"I want to tell you that your fact sheet on the [Missile Technology Control Regime] is very well done and useful for me when I have to speak on MTCR issues."

– Amb. Thomas Hajnoczi
Chair, MTCR
May 19, 2021
IN MEMORIAM: Bill Kincade (1939-2017), Former Executive Director, Arms Control Association

Latest ACA Resources

December 2017
By Daryl G. Kimball

William H. Kincade, who served as executive director of the Arms Control Association from 1977 through 1984, passed away on October 9 in Portland, Oregon. He was 78.

Kincade was the staff director of the Joint Congressional Committee on Defense Production before he arrived at the association to replace its first executive director, Tom Halstead. (See ACT, November 2017.) While at the helm of the association, Kincade expanded the organization’s program and public outreach activities, significantly increased the organization’s funding base and staff expertise, and helped transform Arms Control Today from an eight-page newsletter into a 16-page monthly journal.

William H. Kincade (Photo credit: C-SPAN)Working with the association during one of the most intense periods of public debate on nuclear weapons, Kincade was a strong and vocal opponent of the accelerating U.S.-Soviet nuclear arms race. In a November 1981 column in The New York Times that remains relevant in 2017, he wrote, “Today, each strategic item is very expensive. Each adds proportionally less firepower to already swollen nuclear inventories, and each innovation…invites countermeasures that are costly to overcome or offset. In a time of egregious superpower nuclear arsenals.” He argued that the United States needs “a coherent, pragmatic approach to arms control.”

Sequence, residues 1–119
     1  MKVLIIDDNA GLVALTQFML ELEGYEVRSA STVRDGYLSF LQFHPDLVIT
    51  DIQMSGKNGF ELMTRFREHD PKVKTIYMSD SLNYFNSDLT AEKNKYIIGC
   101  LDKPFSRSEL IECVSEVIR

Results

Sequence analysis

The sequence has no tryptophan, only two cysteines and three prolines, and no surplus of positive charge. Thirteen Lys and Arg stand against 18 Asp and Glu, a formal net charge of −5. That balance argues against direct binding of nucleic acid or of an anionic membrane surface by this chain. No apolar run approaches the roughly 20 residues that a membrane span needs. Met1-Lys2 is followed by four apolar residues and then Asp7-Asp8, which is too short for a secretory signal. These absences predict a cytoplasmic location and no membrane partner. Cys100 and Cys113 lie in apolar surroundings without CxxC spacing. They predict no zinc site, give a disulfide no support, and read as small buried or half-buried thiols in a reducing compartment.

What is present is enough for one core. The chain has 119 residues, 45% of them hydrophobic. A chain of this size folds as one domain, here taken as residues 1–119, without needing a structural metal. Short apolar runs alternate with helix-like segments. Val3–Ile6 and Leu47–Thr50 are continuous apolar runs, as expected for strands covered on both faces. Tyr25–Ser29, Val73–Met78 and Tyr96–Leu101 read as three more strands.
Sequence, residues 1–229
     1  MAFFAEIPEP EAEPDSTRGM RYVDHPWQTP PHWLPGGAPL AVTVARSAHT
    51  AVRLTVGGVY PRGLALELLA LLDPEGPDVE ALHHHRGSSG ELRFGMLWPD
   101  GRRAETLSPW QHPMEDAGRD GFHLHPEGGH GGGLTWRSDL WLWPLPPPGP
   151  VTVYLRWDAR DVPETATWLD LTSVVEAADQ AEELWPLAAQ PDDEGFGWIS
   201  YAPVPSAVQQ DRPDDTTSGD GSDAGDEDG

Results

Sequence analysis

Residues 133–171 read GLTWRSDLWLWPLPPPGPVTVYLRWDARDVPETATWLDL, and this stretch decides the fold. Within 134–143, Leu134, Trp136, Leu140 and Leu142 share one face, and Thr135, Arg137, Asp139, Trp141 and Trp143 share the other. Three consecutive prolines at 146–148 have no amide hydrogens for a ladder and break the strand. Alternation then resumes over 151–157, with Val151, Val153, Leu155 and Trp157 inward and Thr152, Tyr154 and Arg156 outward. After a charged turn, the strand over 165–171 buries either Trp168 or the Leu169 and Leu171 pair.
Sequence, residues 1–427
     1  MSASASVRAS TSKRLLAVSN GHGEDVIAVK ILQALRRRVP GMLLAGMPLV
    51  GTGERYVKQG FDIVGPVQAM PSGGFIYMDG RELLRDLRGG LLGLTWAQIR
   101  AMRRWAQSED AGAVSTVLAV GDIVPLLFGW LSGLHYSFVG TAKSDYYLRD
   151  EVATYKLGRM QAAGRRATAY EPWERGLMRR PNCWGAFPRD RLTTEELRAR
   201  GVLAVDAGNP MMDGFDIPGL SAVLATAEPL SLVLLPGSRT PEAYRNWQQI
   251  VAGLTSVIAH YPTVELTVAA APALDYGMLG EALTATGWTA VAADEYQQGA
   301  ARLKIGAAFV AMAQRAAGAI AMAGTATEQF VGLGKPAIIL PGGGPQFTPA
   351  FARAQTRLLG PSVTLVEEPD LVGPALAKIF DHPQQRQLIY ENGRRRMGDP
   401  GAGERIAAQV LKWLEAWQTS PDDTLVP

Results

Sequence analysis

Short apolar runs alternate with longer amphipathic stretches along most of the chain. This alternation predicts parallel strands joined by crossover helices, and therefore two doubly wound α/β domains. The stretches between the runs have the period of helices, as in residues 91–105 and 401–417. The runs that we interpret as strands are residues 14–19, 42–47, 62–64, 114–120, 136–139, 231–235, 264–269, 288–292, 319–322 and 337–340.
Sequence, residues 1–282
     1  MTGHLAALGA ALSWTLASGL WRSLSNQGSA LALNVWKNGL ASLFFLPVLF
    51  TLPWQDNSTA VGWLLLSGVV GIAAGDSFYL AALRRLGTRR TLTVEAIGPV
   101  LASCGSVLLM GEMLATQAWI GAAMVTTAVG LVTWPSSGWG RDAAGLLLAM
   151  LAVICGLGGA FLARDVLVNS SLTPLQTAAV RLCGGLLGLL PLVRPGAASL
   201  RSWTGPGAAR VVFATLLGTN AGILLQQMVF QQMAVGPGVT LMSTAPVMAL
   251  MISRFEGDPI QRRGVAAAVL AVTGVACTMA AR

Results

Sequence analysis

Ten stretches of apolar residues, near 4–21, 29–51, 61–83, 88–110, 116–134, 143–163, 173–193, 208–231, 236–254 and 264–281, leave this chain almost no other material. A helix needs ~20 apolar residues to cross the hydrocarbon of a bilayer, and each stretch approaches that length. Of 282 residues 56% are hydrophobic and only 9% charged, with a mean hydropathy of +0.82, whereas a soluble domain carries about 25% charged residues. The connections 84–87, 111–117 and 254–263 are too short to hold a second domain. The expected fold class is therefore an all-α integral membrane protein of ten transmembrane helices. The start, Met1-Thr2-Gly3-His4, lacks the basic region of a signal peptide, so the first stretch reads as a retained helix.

Kincade went on to write and teach on the subject of international arms control and international security as a senior associate of the Carnegie Endowment for International Peace and later as a professor at the American University School of International Service, where he taught and mentored the next generation of leaders in the field. He produced three books, including Nuclear Proliferation in the 1980s (1982) and Nuclear Proliferation: Diminishing Threat? (1995).

He is survived by his wife, Susan, and daughters Jennifer and Hadley. A memorial gathering will take place in 2018. The Arms Control Association family, including the many staffers and interns who had the pleasure to work with him, appreciate his many contributions to a more peaceful and secure world.